High BMI is considered as a risk factor for IBC and has been analyzed in several studies but the results are not conclusive [12, 21, 25, 26]. In the Tunisian series, 42% of IBC patients were obese while in our study we have registered a percentage of 34.1%. Data from the Breast Cancer Surveillance Consortium (BCSC) shows that 32.2% of IBC patients had a high BMI [26]. In a French study, we note that IBC patients are less obese, and only 21% of patients presented high BMI [12]. Furthermore, results from a comparative study between North-African series show no significant difference in BMI between IBC and non-IBC patients, but the authors still insist on the need for further studies because of the increasing incidence of obesity among women in North Africa [27].

IBC is known to show pejorative pathological characteristics. Therefore, we have found that 84.3% of the tumors measured more than 2 cm in greatest diameter, which joins the Algerian study findings with 88% of large sized tumors [22]. High SBR grades (SBR II and SBR III) were found in 92.9% of our IBC patients, 80.2% of SEER population [20], 76% of Tunisian patients [21], and 100% of Algerian and Egyptian patients [22, 27]. The comparative study between North African countries (Egypt, Tunisia and Morocco) demonstrate no statistical difference regarding SBR grades [27]. At the molecular level, many studies have documented that IBC is usually correlated to negative hormone receptors and positive HER2 status, which confers to this disease its aggressiveness [2]. The Tunisian study has shown that 52% of IBC tumors were ER-/PR- [28], while in Egypt only 38.9% of the tumors were negative for hormone receptors [27]. The lack of expression of hormone receptors in the Algerian study was 26.7% for ER and 71.8% for PR [22], while in our study IBC tumors were ER- in 44.4% and PR- in 30.3%. According to the comparative study, these disparities between North African countries did not show a significant difference [27].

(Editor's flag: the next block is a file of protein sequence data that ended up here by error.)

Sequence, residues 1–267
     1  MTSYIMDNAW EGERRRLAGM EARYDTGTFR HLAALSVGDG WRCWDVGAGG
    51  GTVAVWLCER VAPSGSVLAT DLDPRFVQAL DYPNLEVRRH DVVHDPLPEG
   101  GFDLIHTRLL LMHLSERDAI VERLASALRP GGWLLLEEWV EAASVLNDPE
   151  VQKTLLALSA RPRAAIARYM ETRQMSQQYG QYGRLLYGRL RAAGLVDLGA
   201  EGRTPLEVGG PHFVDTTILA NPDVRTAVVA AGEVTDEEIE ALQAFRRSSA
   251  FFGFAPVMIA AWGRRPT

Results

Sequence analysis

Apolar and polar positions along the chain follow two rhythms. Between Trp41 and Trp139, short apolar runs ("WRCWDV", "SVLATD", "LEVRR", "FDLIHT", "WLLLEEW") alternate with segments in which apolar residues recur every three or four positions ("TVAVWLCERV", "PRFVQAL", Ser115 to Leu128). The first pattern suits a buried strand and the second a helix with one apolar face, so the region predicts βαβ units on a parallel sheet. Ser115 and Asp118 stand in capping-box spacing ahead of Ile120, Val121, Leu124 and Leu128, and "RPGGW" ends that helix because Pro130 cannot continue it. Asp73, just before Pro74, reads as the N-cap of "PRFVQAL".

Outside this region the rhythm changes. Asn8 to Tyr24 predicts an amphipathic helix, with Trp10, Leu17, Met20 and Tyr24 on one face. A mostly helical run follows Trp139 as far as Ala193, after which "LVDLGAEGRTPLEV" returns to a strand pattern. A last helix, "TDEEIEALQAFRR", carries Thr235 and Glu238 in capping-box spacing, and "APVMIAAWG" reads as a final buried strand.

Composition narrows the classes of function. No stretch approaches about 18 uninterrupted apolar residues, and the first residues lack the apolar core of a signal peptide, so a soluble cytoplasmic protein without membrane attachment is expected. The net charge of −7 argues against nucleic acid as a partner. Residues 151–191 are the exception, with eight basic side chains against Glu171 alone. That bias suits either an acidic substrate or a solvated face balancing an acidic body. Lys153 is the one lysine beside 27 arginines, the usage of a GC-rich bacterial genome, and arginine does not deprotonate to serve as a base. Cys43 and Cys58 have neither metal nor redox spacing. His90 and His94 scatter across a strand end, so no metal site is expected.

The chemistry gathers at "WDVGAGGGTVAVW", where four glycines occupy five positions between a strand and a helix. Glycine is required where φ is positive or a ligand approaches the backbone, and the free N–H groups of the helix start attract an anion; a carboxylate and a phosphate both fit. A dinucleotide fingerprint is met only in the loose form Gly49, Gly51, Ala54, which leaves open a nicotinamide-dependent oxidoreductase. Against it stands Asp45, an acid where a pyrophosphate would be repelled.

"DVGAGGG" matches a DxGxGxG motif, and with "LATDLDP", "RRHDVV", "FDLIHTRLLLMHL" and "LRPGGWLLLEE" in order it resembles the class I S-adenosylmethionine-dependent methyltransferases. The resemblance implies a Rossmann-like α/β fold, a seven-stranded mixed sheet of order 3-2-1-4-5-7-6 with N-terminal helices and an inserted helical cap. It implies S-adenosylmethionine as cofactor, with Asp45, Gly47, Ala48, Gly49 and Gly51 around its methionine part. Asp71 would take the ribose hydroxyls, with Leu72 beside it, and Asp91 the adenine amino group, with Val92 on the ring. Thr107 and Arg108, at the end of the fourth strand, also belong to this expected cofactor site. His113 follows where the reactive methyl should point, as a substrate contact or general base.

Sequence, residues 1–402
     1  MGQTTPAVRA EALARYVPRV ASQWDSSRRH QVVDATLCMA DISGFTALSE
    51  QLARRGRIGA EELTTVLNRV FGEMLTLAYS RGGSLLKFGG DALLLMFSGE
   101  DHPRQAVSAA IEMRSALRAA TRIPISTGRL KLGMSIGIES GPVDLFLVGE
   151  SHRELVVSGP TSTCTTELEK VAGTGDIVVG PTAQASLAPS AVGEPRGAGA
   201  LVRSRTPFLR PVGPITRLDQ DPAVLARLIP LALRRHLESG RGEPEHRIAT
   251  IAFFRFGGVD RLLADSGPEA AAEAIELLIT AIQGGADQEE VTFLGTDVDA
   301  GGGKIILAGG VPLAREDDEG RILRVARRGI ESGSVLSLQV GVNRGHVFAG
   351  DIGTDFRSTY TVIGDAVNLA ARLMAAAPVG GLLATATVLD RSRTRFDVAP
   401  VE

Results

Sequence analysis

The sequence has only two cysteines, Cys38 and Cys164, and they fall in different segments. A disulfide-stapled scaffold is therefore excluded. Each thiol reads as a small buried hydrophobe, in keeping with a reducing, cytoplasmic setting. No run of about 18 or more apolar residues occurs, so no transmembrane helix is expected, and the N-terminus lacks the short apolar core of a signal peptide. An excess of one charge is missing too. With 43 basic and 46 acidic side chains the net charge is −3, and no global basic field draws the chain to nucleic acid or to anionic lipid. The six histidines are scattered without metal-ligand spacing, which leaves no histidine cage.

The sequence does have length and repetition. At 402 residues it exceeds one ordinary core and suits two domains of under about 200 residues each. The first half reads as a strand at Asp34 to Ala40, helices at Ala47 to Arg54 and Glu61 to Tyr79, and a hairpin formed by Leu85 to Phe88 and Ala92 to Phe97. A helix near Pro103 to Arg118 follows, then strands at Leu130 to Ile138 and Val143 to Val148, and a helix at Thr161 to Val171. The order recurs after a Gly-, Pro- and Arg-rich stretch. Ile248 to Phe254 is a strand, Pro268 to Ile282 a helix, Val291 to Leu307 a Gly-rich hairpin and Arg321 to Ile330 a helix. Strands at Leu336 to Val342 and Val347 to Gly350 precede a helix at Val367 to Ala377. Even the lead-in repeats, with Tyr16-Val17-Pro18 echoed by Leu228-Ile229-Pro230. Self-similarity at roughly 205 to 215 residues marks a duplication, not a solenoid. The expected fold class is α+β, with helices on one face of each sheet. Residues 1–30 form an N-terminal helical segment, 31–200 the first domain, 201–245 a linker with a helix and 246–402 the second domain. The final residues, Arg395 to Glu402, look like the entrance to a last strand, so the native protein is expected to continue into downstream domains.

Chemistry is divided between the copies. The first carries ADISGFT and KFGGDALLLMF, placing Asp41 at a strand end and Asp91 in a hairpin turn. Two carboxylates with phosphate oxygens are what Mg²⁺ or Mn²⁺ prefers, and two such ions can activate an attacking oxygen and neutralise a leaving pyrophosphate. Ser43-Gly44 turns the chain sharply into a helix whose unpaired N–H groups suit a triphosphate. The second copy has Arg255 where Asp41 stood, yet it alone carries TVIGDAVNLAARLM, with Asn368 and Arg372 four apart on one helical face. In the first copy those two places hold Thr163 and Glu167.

Studies suggest that about 20~ 40% of IBC cases are triple negative breast cancers [2, 22, 29], which has a worse prognosis and lower survival rates than other breast cancer subtypes. Our study has shown the same range with 21.6% of TNBC tumors, and EFS was also at a lower rate in the TNBC subgroup compared to the other molecular subgroups with a significant difference (p = 0.02). The investigation of the seven triple negative subtypes, as described in Lehmann study (basal-like 1 (BL1), basal-like 2 (BL2), immunomodulatory (IM), mesenchymal (M), mesenchymal stem-like (MSL), luminal androgen receptor (LAR), and unstable (UNS)), could contribute to resolving the differing clinical behavior when IBC and TNBC coexist [30, 31].

Interestingly and as in the Algerian study [22], the most prevalent subtype in our series was Luminal A followed by luminal B HER2+, unlike the Tunisian study where the most prevalent subtype was TNBC followed by HER2 subtype [32]. Molecular differences between these neighboring countries might be due to environmental and genetic factors that vary from an area to another. Further collaborative studies between these countries are needed.

The role of adjuvant endocrine therapy in the survivorship of IBC patients was clearly investigated in several clinical trials and concluded that SERM treatment is as efficient as chemotherapy in premenopausal breast cancer patients [21, 33]. Our study as well as the Tunisian one shows a significant better EFS in IBC patients who received adjuvant SERM treatment [21].

Contrastingly, the survival rates are higher in our series compared to the Tunisian study. In fact, the 3-year OS and EFS in our series were 70.4 and 46.5% respectively, while in Tunisia rates were 44 and 28%, respectively. This difference is mostly due to the lack of supportive care services and the absence of access to new drugs such as taxanes during the 1990’s, which corresponds to the period of study in Tunisian series [21].